Top 10 similar words or synonyms for camenae

aglaea    0.824344

charites    0.794496

korybantes    0.789559

grannus    0.787380

philyra    0.784388

ocyrhoe    0.783031

hegemone    0.778356

oceanids    0.771572

echion    0.767986

periboea    0.764124

Top 30 analogous words or synonyms for camenae

Article Example
Camenae Carmenta was chief among the nymphs. Her festival day, the Carmentalia, featured water ritually drawn by Vestal Virgins from the spring outside the Porta Capena.
Camenae The Camenae were later identified with the Greek Muses; in his translation of Homer's "Odyssey", Livius Andronicus rendered the Greek word "Mousa" as "Camena", and Horace refers to poetic inspiration as the "soft breath of the Greek Camena" (spiritum Graiae tenuem Camenae) in Odes II.16.
Camenae In Roman mythology, the Camenae (; also "Casmenae", "Camoenae") were originally goddesses of childbirth, wells and fountains, and also prophetic deities.
Camenae The last two were sometimes specifically referred to as the Carmentae, and in ancient times might have been two aspects of Carmenta rather than separate figures; in later times, however, they are distinct beings believed to protect women in labour.
Udara camenae Udara camenae is a butterfly of the Lycaenidae family. It is found in South-east Asia.
Carmenta Carmenta was one of the Camenae, and the Cimmerian Sibyl. The leader of her cult was called the "flamen carmentalis".
Novensiles A 4th- or 3rd-century BC inscription from Ardea reading "neven deivo" has been taken to refer to the Novensiles as nine deities. Granius Flaccus and Aelius Stilo, Arnobius says, identify the "Novensiles" with the Muses, implying that they are nine in number. In the Roman tradition, the Muses became identified with the Camenae, the Latin goddesses of fresh-water sources and prophetic inspiration. The two best-known of the Camenae were Carmentis (or Carmenta), who had her own flamen and in whose honor the Carmentalia was held, and Egeria, the divine consort of Numa Pompilius, the second king of Rome considered the founder of Roman law and religion. Numa had established a bronze shrine at the fountain in their grove, the site of his divine union with Egeria. The fountain of the Camenae was a source of water for the Vestals.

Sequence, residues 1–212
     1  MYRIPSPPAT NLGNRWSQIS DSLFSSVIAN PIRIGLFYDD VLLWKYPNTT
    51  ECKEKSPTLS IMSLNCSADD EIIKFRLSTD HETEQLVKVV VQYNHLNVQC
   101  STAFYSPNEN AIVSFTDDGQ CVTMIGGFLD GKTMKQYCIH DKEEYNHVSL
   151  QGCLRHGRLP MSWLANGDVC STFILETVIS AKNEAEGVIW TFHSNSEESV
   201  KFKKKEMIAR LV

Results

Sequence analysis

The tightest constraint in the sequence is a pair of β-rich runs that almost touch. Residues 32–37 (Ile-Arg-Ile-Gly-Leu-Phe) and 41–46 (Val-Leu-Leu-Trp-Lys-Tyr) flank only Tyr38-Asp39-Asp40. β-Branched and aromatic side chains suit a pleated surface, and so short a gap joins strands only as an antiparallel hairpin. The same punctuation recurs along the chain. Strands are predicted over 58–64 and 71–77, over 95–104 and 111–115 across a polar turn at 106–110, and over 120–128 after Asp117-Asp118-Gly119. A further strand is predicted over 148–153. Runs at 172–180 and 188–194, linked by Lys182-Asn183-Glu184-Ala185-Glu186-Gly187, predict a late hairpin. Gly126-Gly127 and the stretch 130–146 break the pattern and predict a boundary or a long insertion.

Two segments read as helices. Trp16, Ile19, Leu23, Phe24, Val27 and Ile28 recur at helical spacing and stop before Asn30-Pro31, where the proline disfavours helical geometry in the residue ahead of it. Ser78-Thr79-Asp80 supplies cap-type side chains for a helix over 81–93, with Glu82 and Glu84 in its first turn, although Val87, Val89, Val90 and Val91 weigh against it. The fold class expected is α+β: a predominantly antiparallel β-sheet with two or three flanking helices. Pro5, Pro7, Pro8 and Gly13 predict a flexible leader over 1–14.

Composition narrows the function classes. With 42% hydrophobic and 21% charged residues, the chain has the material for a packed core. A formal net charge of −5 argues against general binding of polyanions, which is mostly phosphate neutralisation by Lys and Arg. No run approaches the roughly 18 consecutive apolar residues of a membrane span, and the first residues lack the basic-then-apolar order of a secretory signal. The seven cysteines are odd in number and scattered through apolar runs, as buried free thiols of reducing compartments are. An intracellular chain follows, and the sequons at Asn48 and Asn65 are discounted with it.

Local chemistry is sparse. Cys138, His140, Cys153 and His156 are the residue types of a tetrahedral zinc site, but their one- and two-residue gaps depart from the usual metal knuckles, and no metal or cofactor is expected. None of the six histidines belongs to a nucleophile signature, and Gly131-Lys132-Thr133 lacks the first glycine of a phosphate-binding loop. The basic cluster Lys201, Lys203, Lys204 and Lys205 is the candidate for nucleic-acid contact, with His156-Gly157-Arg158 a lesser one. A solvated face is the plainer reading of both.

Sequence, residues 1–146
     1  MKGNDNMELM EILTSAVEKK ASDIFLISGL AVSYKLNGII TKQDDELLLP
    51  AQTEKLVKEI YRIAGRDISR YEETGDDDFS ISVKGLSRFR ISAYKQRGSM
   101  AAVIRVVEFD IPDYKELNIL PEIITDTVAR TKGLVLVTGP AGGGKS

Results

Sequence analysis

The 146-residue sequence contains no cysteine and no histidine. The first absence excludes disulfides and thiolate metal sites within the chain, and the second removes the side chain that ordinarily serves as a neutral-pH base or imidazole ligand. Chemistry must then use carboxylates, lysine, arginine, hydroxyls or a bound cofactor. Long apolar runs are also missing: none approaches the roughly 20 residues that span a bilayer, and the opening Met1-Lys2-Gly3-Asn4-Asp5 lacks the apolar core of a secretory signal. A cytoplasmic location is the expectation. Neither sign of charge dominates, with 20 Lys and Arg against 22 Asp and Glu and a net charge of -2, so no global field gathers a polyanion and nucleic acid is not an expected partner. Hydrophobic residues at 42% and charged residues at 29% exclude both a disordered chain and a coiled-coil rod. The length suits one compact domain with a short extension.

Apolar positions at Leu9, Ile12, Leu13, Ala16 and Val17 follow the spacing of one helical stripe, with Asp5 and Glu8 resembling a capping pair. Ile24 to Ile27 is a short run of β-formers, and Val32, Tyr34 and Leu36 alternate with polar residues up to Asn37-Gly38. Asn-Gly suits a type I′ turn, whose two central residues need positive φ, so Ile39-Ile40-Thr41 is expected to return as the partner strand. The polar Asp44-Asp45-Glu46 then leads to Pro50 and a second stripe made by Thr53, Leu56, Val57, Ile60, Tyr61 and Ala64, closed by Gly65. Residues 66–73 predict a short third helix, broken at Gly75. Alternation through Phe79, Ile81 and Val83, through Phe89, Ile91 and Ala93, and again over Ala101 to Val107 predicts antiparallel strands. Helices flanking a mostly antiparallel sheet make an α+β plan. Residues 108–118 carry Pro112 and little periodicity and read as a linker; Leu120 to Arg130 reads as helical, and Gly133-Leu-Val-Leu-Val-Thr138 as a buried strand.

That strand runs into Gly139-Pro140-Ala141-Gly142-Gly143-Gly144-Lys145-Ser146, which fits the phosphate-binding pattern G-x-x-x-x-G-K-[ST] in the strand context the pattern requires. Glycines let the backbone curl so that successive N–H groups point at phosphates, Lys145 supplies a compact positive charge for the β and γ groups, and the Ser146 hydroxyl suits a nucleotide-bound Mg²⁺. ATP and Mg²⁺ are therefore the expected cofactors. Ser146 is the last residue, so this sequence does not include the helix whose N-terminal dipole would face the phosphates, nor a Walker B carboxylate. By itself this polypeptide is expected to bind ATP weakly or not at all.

Carmen Priami The invocation of the Muse is a convention of Greco-Roman poetry, and Ennius announced his intention to leave behind the rusticity of native poetic traditions and embrace the sophistication of the Greeks with service to the Muses. His immediate predecessors Livius and Naevius had asserted their place among traditional Roman poets, or "vates", by continuing to invoke instead the Camenae, a group of goddesses, varying in number, who were associated with fresh-water springs, or "fontes", and thus metaphorically "sources" of inspiration. These were attributes also of the Muses, and while the Camenae never lost their Roman character, they became increasingly identified with their Greek counterparts.
Carmen Priami The Carmen Priami ("Priam's Song") is a lost Latin poem known from the quotation of a single line by Varro. The unknown poet, "a remarkable reactionary," rejects the Hellenizing trend in Latin poetry led by Ennius ("ca." 239–169 BC) and adopts a deliberately archaic style, invoking the Camenae:
Egeria (deity) Numa also invoked communicating with other deities, such as Muses; hence naturally enough, the somewhat "pale" figure of Egeria was later categorized by the Romans as one of the Camenae, deities who came to be equated with the Greek Muses as Rome fell under the cultural influence of Greece; so Dionysius of Halicarnassus listed Egeria among the Muses.